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PostPosted: Fri May 20, 2011 8:02 am 
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QBD (Admin) (Collins J) 16/5/2011

A hackney carriage licence was capable of renewal in the sense envisaged by the Local Government (Miscellaneous Provisions) Act 1976 s.60 after the expiration of the one-year period prescribed by the Town Police Clauses Act 1847 s.43. There was no particular period in which it would cease to be capable of renewal but an application received two to three days late would require very good reasons for the delay for it to be entertained by a local authority; delay beyond that would require exceptional circumstances.

The appellant local authority appealed by way of case stated against a decision of a Crown Court that it should have renewed a hackney carriage licence that it had granted to the respondent (S). A condition attached to the licence stated that an application to renew it could not be made until 14 days before it was due to expire and could be made up until the day before it was due to expire. The individual deputised by S to renew his licence had a sick child and through being distracted with that matter and the intervention of a weekend the application to renew was made one day late. The local authority refused to either renew S’s licence or grant him a new one. The Crown Court held that notwithstanding that S’s licence had expired it was capable of being renewed and ought to have been renewed. It also held that in the circumstances a new licence should be granted to S. The questions were (i) whether a hackney carriage licence was capable of renewal in the sense envisaged by the Local Government (Miscellaneous Provisions) Act 1976 s.60 before the expiration of the one-year period prescribed by the Town Police Clauses Act 1847 s.43; (ii) whether such a licence was capable of renewal in the same way after the expiration of that one-year period and, if so, when it ceased to be so capable.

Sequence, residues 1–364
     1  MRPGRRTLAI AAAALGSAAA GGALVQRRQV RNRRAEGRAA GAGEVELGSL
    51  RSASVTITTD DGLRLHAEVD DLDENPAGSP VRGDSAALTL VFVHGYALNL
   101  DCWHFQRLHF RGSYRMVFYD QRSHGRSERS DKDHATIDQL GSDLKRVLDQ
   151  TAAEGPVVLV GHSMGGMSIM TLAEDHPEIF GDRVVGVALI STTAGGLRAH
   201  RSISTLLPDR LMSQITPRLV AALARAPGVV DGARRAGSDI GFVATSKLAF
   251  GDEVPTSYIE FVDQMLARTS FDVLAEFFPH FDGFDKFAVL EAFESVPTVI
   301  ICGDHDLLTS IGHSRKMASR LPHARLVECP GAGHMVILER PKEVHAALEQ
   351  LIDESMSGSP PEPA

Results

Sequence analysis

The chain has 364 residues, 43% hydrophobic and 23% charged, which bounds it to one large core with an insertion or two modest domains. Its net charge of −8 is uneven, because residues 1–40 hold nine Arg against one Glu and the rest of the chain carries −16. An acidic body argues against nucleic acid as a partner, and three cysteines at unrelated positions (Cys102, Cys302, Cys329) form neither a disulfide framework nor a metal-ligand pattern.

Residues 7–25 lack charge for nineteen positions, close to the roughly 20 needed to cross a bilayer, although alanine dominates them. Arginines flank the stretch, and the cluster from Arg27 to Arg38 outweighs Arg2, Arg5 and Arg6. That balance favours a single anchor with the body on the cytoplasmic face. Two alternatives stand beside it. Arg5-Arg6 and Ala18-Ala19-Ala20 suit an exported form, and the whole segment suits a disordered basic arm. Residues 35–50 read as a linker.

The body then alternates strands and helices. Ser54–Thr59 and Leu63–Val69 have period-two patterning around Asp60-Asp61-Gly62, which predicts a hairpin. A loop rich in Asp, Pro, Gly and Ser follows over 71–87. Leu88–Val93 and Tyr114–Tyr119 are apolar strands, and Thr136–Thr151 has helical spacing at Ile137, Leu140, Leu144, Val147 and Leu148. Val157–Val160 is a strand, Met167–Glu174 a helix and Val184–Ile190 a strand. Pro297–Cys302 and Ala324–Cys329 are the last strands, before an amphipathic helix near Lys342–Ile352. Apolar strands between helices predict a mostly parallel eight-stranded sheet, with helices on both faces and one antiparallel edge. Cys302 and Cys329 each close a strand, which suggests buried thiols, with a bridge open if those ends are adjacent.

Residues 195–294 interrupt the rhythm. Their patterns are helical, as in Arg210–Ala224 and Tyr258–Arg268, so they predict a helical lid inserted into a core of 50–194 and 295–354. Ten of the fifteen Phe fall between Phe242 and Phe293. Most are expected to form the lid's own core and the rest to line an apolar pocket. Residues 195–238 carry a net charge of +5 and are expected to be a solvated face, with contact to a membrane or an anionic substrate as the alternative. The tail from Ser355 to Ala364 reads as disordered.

HELD: The word "renew" quite properly could mean "granted afresh" so that it permitted a licence to be granted as a new licence. That was a perfectly normal use of the English language; for example, if one forgot to renew a driving licence before it expired one would say, "I must renew my driving licence". The chief concern expressed by the local authority was that there was a queue of applicants for new licences and that if no application to renew was made in time and it then granted a licence to a new applicant it would find itself in difficulties if late applications for renewal were allowed. The answer to that fear was to impose a condition on the grant of a licence so that an applicant had to make an application to renew before the licence had expired and if he did not do so his application was likely to be rejected unless he had a very good reason for his failure. It was appropriate for a local authority to wait two to three days before it granted a new licence to another party. It would be for an applicant to show that very good reasons existed for his late application for renewal. It would be appropriate for a local authority that processed applications by mail to take account of postal difficulties that might exist. Accordingly, it was appropriate to answer yes to both questions. In relation to the second question, there was no particular period but only in exceptional circumstances would an application for renewal be entertained after a delay of two to three days.

Appeal dismissed
For the appellant: Joss Ticehurst
For the respondent: No appearance or representation
Document No.: AC9501876


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PostPosted: Sat Jun 11, 2011 1:40 pm 
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Here is the FULL Judgment in this case;

Neutral Citation Number: [2011] EWHC 1403 (Admin)
Royal Courts of Justice
London WC2A 2LL

Monday, 16 May 2011

B e f o r e:





Computer Aided Transcript of the Stenograph Notes of
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(Official Shorthand Writers to the Court)

Mr J Ticehurst (instructed by Exeter City Council) appeared on behalf of the Claimant

(As Approved by the Court)

Crown copyright©

1. MR JUSTICE COLLINS: This is an appeal by way of case stated from a decision of the Crown Court at Exeter given on 1st October 2009 on an appeal by one Nicholas Sandle against the decision of the Exeter City Council (the appellant in this case) to decline to grant a Hackney Carriage Licence following the expiry of his existing licence.